Friday, 6 December 2013

UKRAINE: Failed deal divides Ukrainians

The failure of the Ukraine government to sign a long-awaited trade pact with the European Union has sparked massive protests in the country's capital, Kiev. As street protests escalate, there are echoes of Ukraine’s 2004 Orange Revolution.

Tens of thousands demonstrating outside the parliament building are calling for the resignation of the government over its rejection of closer ties with the EU. The crisis has again exposed the East-West oscillation playing out in Ukraine between the EU and former Soviet master Moscow.

The EU warned that Ukraine is risking its economic future by rejecting the trade deal and focussing instead on enhancing ties with Russia. The pact was due to be signed at the Eastern Partnership (EaP) summit held in Lithuania’s capital Vilnius on November 28-29, 2013. On the agenda was also the initialling of association and free trade agreements with Armenia, Georgia, and Moldova.

The meeting had been heralded as a defining moment for Europe after years of preparation. Successful signing would have effectively blocked Russian ambitions to restore its influence over former Soviet territory. There seems to be good reason to view the outcome of the meeting in Vilnius as egg on the face for Brussels and as a major triumph for Moscow.

The EaP was initiated by Poland and launched in 2009. It offered an institutionalised forum for discussion of trade and other relations with Belarus, Ukraine and Moldova, which all border the EU, and with Georgia, Azerbaijan and Armenia that are located in the South Caucasus.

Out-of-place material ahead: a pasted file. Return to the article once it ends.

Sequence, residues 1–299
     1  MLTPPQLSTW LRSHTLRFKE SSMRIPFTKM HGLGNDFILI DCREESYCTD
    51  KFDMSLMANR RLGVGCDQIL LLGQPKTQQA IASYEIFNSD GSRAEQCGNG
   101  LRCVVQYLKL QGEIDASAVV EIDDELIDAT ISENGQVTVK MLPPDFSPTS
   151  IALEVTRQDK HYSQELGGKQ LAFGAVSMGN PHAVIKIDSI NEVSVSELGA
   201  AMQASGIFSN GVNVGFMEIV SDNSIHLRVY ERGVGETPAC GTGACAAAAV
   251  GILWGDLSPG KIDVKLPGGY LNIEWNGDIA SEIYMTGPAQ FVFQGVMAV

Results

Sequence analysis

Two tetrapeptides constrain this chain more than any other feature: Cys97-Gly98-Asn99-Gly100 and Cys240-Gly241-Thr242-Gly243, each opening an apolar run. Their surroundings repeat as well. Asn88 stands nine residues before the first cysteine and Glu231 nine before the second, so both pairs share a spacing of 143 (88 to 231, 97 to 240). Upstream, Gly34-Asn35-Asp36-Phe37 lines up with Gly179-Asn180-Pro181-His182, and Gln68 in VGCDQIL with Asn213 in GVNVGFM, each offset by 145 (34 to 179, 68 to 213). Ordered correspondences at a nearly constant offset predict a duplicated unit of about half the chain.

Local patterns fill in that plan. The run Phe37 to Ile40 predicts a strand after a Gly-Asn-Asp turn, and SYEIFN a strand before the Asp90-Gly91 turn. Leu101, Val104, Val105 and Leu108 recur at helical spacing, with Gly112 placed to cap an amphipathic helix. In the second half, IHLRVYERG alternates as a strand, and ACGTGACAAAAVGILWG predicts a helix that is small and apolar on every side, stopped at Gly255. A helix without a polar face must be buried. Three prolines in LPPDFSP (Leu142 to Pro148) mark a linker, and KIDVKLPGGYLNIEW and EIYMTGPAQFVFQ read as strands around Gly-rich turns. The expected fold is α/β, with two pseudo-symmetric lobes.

The ambition behind the EaP was to counter the Kremlin’s talk about the countries in its ‘near abroad’. The reason why the EaP must now be viewed as a general failure is that the programme never offered more than a halfway house. The governments in the ‘near abroad’ had to consider that forging closer ties with Europe would invite retaliation from Russia, and that the EU would not be ready to compensate for severe disruptions in trade and in the flow of energy.

Had Brussels been successful in bringing Ukraine inside the tent, it would have had to contend with Russian sanctions against the ailing Ukrainian economy. Being compelled to come to the rescue of Kiev would have produced further stress on an already overstressed financial situation within the EU.
Once Brussels has digested its humiliation, it may sit back and watch how Moscow deals with the fallout of its ‘victory’.

Much as the EU has been pursuing a programme for ‘partnership’ in the east for which it is not ready to foot the bill, Russia has been pursuing a programme for enlargement of its own that it would not be able to support economically - should it succeed in getting political acquiescence. Moscow has certainly not shied from using strong-arm tactics against other former members of the Soviet Union.

Ukraine has proved a harder nut to crack, but there have been threats of a renewed gas war and a blockade of imports from Ukraine. Now that Kiev has yielded to pressure, one can question what Moscow would gain from a complete assimilation.

A crowning achievement for Russian President Vladimir Putin would be having Ukraine first join the Russian-led Customs Union and then his envisioned Eurasian Union. But it would add such extra burdens to an already weakened Russian economy that it would simply be a Pyrrhic victory.

The bitter truth is that following many years of severe economic mismanagement, Ukraine has turned itself into a poisoned pill that nobody really wants to swallow.

The only party that has sufficient resources to support a genuine Ukrainian recovery is the EU. But to Brussels the thought of offering Ukraine full membership, with access to subsidies and membership of the EU, is outlandish. Even the less costly option of an association agreement was viewed by many as too much.

There are good grounds to argue that the only loser in Vilnius was the Ukrainian economy - and the Ukrainian people. The defining feature of this ‘failed deal’ is that the leadership in Kiev abhors having to join either side. Ukraine remains a country on hold neither committed to Europe or to Russia – a stalemate which favours only its leader President Viktor Yanukovych and his personalisation of power.

By Guylain Gustave Moke
Political Analyst/Writer
Investigative Journalist

Photo-Credit: AFP- Ukraine's Protest-Photo